benjamin leroux 2010 auxey-duresses

2010 Benjamin Leroux, Auxey-Duresses
Drank over two nights, this wine was lovely – a bit plumper if allowed to get too warm, but I only allowed that once! Medium-pale yellow. The nose has some depth of ripe lemon and even a few spice accents that might have me thinking of Meursault. Smooth and concentrated. The acidity wells up from the core of the wine and almost, but not quite, takes over. Fresh it is, but not mouth-puckeringly so. Good depth of ripe fruit in the mid-palate that has a sherbet edge to it the first hour it’s open. The texture gets smoother and smoother too, so there’s probably a bit of CO2 sitting below the surface. Tasty, good value wine.
Rebuy – Yes

2010 morey-coffinet chassagne-montrachet

2010 Morey-Coffinet, Chassagne-Montrachet
This has the aroma of a patisserie shop bursting out of the glass, musky creme anglaise and some depth – I can’t really pick anything fruit-related. Textured, cushioned and with perfectly understated acidity but very efficient acidity. The flavours are also largely of creme patissiere – only at the end of the mid-palate did I think I’d spotted some deep fruit extract – but it was fleeting as the creme is the main note in the finish too. With aeration I can almost convince myself there is some minerality in the finish – almost. I quite like a bit of this in my 1er crus where the extra concentration of fruit/minerality acts as a foil – that level of buffer isn’t found here, so it’s certainly a fun wine, but was a bit wearing.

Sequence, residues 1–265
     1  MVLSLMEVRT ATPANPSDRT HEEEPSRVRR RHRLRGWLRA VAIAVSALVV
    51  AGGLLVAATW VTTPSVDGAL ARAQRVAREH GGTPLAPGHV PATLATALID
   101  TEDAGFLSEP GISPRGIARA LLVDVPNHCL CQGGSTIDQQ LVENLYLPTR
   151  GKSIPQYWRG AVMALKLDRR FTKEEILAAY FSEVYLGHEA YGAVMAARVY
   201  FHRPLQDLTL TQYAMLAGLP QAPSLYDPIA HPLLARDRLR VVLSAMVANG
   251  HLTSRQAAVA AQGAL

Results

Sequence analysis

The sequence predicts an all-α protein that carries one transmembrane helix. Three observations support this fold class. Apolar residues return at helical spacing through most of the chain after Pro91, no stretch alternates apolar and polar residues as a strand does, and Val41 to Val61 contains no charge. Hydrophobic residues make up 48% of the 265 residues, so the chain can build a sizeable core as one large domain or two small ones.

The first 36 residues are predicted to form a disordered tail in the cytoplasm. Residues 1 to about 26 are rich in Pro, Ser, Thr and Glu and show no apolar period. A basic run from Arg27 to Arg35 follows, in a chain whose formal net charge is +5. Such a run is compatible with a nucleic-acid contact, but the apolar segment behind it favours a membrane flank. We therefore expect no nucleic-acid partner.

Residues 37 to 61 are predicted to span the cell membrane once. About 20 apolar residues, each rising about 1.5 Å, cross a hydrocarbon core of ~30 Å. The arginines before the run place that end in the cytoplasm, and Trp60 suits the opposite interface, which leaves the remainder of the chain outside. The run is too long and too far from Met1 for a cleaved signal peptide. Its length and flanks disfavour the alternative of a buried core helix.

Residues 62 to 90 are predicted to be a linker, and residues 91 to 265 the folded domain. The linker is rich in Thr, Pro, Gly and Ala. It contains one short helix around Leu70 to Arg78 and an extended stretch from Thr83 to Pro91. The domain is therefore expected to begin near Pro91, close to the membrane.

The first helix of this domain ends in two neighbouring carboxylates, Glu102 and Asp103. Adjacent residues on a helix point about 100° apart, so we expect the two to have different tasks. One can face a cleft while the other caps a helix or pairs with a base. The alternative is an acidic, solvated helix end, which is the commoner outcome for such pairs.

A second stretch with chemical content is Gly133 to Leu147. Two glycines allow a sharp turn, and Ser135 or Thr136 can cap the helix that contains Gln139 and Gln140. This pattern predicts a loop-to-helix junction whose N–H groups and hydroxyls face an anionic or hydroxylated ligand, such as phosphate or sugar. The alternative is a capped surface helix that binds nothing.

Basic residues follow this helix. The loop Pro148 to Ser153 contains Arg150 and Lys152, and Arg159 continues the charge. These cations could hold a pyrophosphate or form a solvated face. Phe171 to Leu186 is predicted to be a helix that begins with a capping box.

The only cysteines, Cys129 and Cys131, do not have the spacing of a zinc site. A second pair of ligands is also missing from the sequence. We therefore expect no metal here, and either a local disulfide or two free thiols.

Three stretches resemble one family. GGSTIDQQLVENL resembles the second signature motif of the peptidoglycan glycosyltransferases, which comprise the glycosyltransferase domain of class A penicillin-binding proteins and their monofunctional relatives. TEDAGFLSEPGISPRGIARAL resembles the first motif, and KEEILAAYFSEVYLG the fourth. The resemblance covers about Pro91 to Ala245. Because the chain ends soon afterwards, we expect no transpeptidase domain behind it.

Rebuy – Maybe

what a difference a day makes…


a beautiful day (montrachet, lameloise and three crosses…)

Montagne des Trois Croix

The sky was blue this morning – it was going to be a good day: breakfast at Le Montrachet with ‘la friend’ then a long walk in the hills above the vines of Santenay.

We rolled up at Le Montrachet about 9:30am and – oops! – closed until 11th January – shock!

It was already getting late, where should we go? La friend had a cracking idea: ‘What about Lameloise?’ Why not I thought! Then came the quote that I will remember for a while: ‘I can’t find Lameloise in my phonebook!’ Like you call Lameloise every day…!

Eventually the google found the number (not easy in Puligny as reception is rubbish) and the call was placed: ‘We’d love to offer you hot drinks, but we can’t offer you any food’! (my exclamation!) So we went to a café in Meursault – also no breakfast possible, but they kindly suggested we could buy croissants and cakes and eat them in the café. A result!

About 11am we went our separate ways and it was time to put on the walking-boots. Long-suffering Elsa would now be able to look sad while walking, instead of sad while just sitting. From Santenay Le Haut we walked up the hill that’s topped by a limestone ridge, though actually it isn’t – when you get to that height you’ll see there’s even further to go – to the ‘three crosses!’ About a quarter of the way up is a tiny hamlet with a fine church – Saint Jean – its roads are being refurbished, but there are a few pretty houses in this secluded place, though only one of them is occupied, a nice man I met walking his dog – he said the rest are all second homes! We headed higher and the views were simply brilliant, patches of vines all the way up past 400m but plenty ‘en friche’ scrub too. Then, just when you expect (maybe) trees to take over, it is just grassland with small bushes, and eventually grazing Charolais too – some big ones.

You top out at 521 metres with the three crosses and a 360° panorama – everything was still frozen up there. The walk down was just as good, and as we got to the bottom, Elsa was finally smiling – it was food time!

It was a beautiful day…


A new Burgundy Report!
The Nuits Report